springs the obelisk shat\, thus giving the
latter a total elevation of 001) teet. 'his
vast rotuinda is sutrrounded by :4) con inns
of massive proportions, being 12 feet in
diaeter and -15 feet higzh, standimiii upon it
base of 20 feet elevation and :504) feet
square; surmounted by an entabbiture 20
feet high, and crowned by a massive balus
trade fifteen feet in height. The total ex
phnse of the monument is estimated a
Why Epidemics rage at Night.
It was one night that 100() perished in
the Plague o! London of 1665. It was at
night that the army of Sennacherib was do.
st royed. Both I in lniglanid anrd on lie coni
tinent a large piroportion of cholera cases in
its several f':rm s, have been obiserved to
have occurred het ween 'ine and t wo o'clock
mi the mnornming. The "dainger of exposure
it lie night air'' has been a themie of plhy.
sicians front tinue iminemorial; but it is re
iarkaible that they have never yet called in
lie aid of chieitry toi acconunt for thle fact.
It is at night that thle scittreiii ot air niear
est the grouind must always be thle moist
charged with the particles of animalized
inatter giveni cut frorn the .kint, and delerer
ionis gases, such as carb~onic aical gas, lie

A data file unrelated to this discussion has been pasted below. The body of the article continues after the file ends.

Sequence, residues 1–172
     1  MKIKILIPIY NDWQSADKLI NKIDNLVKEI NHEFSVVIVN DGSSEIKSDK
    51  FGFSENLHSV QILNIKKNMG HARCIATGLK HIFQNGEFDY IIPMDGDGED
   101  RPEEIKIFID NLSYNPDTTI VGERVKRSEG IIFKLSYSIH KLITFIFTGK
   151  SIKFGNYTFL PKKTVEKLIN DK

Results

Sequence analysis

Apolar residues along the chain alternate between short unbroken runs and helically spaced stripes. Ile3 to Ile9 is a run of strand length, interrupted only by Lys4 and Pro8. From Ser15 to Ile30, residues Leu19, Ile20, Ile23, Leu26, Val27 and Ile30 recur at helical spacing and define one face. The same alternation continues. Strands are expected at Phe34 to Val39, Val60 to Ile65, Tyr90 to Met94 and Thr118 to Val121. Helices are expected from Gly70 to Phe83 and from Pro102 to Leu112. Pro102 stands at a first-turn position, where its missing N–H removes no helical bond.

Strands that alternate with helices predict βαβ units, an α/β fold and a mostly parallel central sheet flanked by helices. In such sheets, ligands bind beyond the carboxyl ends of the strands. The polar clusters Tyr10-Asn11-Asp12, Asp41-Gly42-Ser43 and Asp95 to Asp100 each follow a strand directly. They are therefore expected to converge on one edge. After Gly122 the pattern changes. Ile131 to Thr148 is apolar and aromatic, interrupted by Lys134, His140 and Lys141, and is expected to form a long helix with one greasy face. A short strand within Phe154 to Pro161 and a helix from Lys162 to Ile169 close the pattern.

prodnelt ot respiration, amid sulIphirctted by
dlrogeni, th pi lroduct of the sewers. Ia thle
dafy, gases aiii v ~aporo us su bstaniices of all
kiliids rise in thle air b~y the raretaction of
heat; at naighit whet the rareluctaion leaives
tthem they fall by an inc reaise of gravity,. it
imphertectly minixedl with th le atmonsph'tere,
whileI the gaiscs evoh ed during lie night
mstead or ascendo lir einetin at ne:irly thle
sariie level. It is krz:owvn t hat carbornic aciid
gasi at a low terniparaiture p)irtakes so thear
ly of thle nat ure of a fluidl, that it mnay be
Poulred ot cc one vessel into anotthier; it iise.,
at thle teraperatu re at whieb it is e..hia led
tromt thle hoangs, bitt its t emolency is to~warids
lie dloor, or thle lied of the sleeper, in cold
anrd uni ent ilatedoi rooms.
At I lamburg, the alarn of cholera at
niighir, in sentie p:i rts of the clity was 5o gleat,
t hat c'n somie hriecaisions iiniiy ri foud t o goi
to beid, list t hey sh.uh ilibe attacked ui
wares ini their udeep. *Sitrig op, they pro
hiabi!y kept ther stores or open tires burn
imtr fur the sake of wa~rmithi, and that wairmith
g.iviing the" expansiin to .iir deleterirous
caises prescent, whlichi woniuiho st pirtnnitie
heir escap'e, andi piromlote ther dilutiotn ini
thle lat inospheilCre, Ithe incanis of~ s~itei v wire